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Author:Dr. Wes Bredenhof
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Congregation:Free Reformed Church of Launceston, Tasmania
 Tasmania, Australia
 
Preached At:Langley Canadian Reformed Church
 Langley, B.C.
 
Title:The Ascended Christ Remains on Earth
Text:LD 18 (View)
Occasion:Regular Sunday
Topic:God The Son
 
Preached:2007
Added:2007-07-30
 

Order Of Worship (Liturgy)

Psalm 47
Hymn 1A
Hymn 30
Hymn 31
Psalm 146

Readings: Acts 1:1-11, Hebrews 9
Text: Lord's Day 18
* As a matter of courtesy please advise Dr. Wes Bredenhof, if you plan to use this sermon in a worship service.   Thank-you.


Beloved congregation of Christ,

The basic scene is probably familiar to you. Supper is over and dad asks for the Bible. This time he opens to the passage we read from Acts 1. He reads about our Lord's final moments with His disciples before being carried away by a cloud into heaven. Then the father asks his children, "So, where is the Lord Jesus Christ today?" "In heaven, of course." And indeed, that's what the text says, isn't it? He is seated at the right hand of the Father. That's also what we confess with the Apostle's Creed: the Lord Jesus Christ ascended into heaven. But in our Heidelberg Catechism we learn that there is more here than meets the eye. Yes, indeed, our Lord did ascend into heaven. But there's more to it than that. He still remains with His church today. How and why is this so?

I preach to you God's Word as we confess it in the Catechism with this theme:

The Lord Jesus Christ ascended into heaven, yet also remains with us on earth.

We see:

1. The fact of His ascension.
2. The character of His ascension.
3. The purpose of His ascension.

1. The fact of His ascension.

In response to the first question of our Lord's Day, the Catechism gives a very simple answer which outlines the facts of what happened at Christ's ascension. Before the eyes of His disciples, He was taken upon into heaven. A simple answer which also reflects the Biblical account of the facts. Luke told of the ascension already in his gospel, but in the passage which we read together from Acts, he gives some more details of what exactly happened.

Luke first introduces his second book, he says that his first book described all that Jesus Christ began to do and teach. Now he's going to continue with what Christ did and taught. The book really should be called the Acts of Jesus Christ through the apostles. The Christ who ascended into heaven continued to work here on earth. That is an important point which we’ll look at further. After these introductory words, Luke moves right into the account. He tells us that when they had come together at Bethany, the disciples asked the Lord Jesus a question about the kingdom of Israel. Was He now, after rising from the dead, going to establish His kingdom here on earth? Was He going to get rid of the Romans? The Lord tells them that it is not for them to know exact times or dates. They will receive power, but it will be the power of the Holy Spirit. The disciples will be Christ's witness all over the earth, beginning with Jerusalem, Judea and Samaria.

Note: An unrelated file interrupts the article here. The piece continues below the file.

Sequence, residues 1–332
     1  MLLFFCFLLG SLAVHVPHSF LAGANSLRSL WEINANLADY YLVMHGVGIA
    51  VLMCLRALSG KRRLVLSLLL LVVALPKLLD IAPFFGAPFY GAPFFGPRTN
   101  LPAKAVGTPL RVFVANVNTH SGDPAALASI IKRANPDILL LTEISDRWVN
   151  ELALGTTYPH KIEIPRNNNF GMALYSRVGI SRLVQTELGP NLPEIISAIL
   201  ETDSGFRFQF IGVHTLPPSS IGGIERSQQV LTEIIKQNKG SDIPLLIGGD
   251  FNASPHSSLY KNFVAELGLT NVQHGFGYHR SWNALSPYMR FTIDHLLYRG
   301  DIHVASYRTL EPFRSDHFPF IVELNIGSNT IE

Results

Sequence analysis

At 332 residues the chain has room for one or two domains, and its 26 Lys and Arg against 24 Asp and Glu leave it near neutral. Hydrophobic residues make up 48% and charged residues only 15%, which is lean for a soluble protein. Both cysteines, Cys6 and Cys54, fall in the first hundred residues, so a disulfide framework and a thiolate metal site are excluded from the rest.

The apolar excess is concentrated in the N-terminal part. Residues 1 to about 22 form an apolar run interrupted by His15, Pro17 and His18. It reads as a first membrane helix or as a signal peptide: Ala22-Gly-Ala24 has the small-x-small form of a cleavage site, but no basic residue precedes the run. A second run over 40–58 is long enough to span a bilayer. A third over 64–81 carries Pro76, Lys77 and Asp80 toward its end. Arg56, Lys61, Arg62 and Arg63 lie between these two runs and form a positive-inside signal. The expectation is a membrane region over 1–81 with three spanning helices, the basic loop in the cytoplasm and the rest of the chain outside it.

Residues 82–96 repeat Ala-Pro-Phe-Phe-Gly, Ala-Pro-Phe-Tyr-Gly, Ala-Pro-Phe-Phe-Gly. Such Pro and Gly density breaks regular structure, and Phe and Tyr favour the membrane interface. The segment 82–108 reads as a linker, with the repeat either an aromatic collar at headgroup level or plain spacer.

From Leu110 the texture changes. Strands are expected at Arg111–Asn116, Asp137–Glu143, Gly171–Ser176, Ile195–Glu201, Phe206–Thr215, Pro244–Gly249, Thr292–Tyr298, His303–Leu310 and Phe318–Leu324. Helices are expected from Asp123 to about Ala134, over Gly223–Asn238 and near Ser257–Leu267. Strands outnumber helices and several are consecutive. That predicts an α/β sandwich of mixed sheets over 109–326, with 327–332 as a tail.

And then what happened was most amazing. Before their very eyes He was taken up into heaven by a cloud which hid Him from their sight. They stood speechless and astounded at what they’d seen. The Lord Jesus Christ who had lived and walked among them, who died on the cross and rose from the dead, now He was taken up into heaven in a way that brought back thoughts of Enoch and Elijah. Then two men dressed in white, angels, speak to them: "Men of Galilee, why do you stand here looking into the sky? This same Jesus, who has been taken from you into heaven, will come back in the same way you have seen Him go into heaven." These two messengers from God tell the disciples that the Lord Jesus Christ has gone into heaven, but He is coming back. They don't say when He will come back, but the way the angels speak, they’re telling the apostles to start the work laid out for them by Christ.

So those are the facts of the ascension. It's worth noting that Luke presents the account of Christ's ascension in a very simple way. He wants to bring across to his readers that this is an historical event. Luke is writing about something that really, truly happened.

It's important to realize that because there are many people who do question whether Jesus Christ really ascended into heaven. Who can believe that nowadays? We know that heaven is not up there in the clouds or even immediately beyond our atmosphere. Maybe the early church could believe that, but we are so much more advanced in our knowledge of the universe. So, people say, this story must have been made up.